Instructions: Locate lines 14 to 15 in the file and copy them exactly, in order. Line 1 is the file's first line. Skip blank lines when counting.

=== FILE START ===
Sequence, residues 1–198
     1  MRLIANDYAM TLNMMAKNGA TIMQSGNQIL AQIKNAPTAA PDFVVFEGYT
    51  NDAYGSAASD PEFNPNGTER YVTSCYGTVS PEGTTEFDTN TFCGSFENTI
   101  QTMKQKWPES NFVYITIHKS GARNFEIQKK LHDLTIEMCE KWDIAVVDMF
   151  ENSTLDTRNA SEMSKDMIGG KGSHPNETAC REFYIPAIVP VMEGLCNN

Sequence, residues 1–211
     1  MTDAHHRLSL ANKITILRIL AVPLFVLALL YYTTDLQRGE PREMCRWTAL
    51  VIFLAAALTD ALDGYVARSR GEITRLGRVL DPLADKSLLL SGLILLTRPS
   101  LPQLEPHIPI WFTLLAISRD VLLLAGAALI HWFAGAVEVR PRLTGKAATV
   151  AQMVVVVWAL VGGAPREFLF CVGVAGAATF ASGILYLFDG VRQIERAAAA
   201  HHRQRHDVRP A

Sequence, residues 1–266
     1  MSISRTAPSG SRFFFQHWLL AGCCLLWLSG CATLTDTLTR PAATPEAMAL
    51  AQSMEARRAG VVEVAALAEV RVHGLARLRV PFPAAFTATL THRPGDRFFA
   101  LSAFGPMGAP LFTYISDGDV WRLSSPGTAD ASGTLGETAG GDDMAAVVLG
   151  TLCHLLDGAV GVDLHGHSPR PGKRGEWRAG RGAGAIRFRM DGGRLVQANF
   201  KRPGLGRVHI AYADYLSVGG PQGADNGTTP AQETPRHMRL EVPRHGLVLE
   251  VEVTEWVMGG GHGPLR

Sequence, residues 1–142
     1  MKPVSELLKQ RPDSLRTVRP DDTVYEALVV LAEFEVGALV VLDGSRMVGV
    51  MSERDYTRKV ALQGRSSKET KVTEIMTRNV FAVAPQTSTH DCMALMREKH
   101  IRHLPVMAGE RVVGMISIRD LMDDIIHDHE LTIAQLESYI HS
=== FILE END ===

    51  AQSMEARRAG VVEVAALAEV RVHGLARLRV PFPAAFTATL THRPGDRFFA
   101  LSAFGPMGAP LFTYISDGDV WRLSSPGTAD ASGTLGETAG GDDMAAVVLG